Background: There is no established biochemical basis for the neurotoxicity of mefloquine. We investigated the possibility that the acute in vitro neurotoxicity of mefloquine might be mediated through a disruptive effect of the drug on endoplasmic reticulum (ER) calcium homeostasis.
Methods: Laser scanning confocal microscopy was employed to monitor real-time changes in basal intracellular calcium concentrations in embryonic rat neurons in response to mefloquine and thapsigargin (a known inhibitor of the ER calcium pump) in the presence and absence of external calcium. Changes in the transcriptional regulation of known ER stress response genes in neurons by mefloquine were investigated using Affymetrix arrays. The MTT assay was employed to measure the acute neurotoxicity of mefloquine and its antagonisation by thapsigargin.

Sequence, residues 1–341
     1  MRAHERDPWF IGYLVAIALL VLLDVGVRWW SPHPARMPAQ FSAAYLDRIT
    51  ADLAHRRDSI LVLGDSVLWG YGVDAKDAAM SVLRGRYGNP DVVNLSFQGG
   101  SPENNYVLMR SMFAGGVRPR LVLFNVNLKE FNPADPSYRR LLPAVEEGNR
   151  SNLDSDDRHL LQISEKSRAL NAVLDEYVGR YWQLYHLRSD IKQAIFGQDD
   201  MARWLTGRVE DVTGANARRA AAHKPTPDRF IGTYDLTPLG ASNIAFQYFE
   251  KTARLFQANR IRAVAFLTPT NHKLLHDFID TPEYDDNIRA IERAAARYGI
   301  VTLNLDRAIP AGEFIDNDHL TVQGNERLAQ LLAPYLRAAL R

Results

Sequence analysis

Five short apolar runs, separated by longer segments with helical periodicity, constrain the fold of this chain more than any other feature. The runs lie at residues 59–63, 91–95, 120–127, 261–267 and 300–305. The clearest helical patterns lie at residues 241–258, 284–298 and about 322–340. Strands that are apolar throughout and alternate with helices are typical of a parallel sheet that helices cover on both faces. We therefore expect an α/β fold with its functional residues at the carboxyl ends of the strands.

Results: At physiologically relevant concentrations mefloquine was found to mobilize neuronal ER calcium stores and antagonize the pharmacological action of thapsigargin, a specific inhibitor of the ER calcium pump. Mefloquine also induced a sustained influx of extra-neuronal calcium via an unknown mechanism. The transcription of key ER proteins including GADD153, PERK, GRP78, PDI, GRP94 and calreticulin were up-regulated by mefloquine, suggesting that the drug induced an ER stress response. These effects appear to be related, in terms of dose effect and kinetics of action, to the acute neurotoxicity of the drug in vitro.
Conclusions: Mefloquine was found to disrupt neuronal calcium homeostasis and induce an ER stress response at physiologically relevant concentrations, effects that may contribute, at least in part, to the neurotoxicity of the drug in vitro.